ML: Did you come up with a backstory to work with? 

ES: This is not confirmed by anyone else in the production, but in my mind, I felt that she knew Din Djarin when he was younger. So she knew a little bit about his origin, and the path that he had been on, how he's become this lone ranger. How he's really lost touch with where he comes from. I feel like when he comes back to see her in that first episode, it's like he's coming back to his roots and starting to step into who he really is. 

ML: Do you think we might eventually get the Armorer's backstory?

ES: It's entirely possible. But there are so many parts of the story to tell. 

ML: With so many of the roles on The Mandalorian requiring actors to wear full armor, what was that like? Did you all bump into each other a lot?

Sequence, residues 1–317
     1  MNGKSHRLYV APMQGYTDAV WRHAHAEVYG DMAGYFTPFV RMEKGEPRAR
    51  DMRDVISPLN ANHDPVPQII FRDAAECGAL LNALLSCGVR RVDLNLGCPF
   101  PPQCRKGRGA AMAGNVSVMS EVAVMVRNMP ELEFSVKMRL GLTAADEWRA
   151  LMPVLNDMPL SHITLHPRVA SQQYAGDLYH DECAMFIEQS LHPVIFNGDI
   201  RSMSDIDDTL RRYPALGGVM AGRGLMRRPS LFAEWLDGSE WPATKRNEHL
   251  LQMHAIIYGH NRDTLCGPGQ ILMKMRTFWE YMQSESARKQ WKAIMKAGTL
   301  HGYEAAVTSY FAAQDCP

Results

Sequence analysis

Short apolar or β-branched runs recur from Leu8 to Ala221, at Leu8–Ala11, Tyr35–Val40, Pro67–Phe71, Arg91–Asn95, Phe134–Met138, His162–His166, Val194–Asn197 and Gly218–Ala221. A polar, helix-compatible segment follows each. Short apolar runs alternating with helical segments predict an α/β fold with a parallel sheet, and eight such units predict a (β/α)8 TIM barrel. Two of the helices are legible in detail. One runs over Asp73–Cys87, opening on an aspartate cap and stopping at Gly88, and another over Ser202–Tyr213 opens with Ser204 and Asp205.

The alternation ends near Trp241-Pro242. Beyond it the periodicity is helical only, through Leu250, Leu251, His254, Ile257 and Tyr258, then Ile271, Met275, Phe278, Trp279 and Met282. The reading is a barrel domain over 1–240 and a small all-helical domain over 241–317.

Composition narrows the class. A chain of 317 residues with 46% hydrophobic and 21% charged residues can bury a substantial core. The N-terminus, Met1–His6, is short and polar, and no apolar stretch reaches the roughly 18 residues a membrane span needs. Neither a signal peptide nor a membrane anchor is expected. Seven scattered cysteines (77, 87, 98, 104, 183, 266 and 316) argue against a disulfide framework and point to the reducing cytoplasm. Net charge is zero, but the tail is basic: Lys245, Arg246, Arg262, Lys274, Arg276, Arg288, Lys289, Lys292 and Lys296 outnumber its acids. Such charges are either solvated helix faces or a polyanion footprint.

ES: Oh my gosh, yes! It was ridiculous for those of us that were in the Mandalorian helmets. You don't have a lot of peripheral vision. We realized very quickly that any extraneous movement was distracting because when you can't look at someone's face to see what they're expressing, you find yourself looking that much more closely at their mannerisms. So anything extraneous took away from the story we were trying to tell. Just walking across a room, you can't look down to see where you're walking. That had to be stepping forward on faith that you weren't going to fall on your face. But then in between takes, when we were trying to get situated and get into place, we were bonking heads and tripping over things. I would drop all of my tools for my welding and my forging. 

I keep saying that I hope they're going to release a blooper reel because I think it would be pretty entertaining.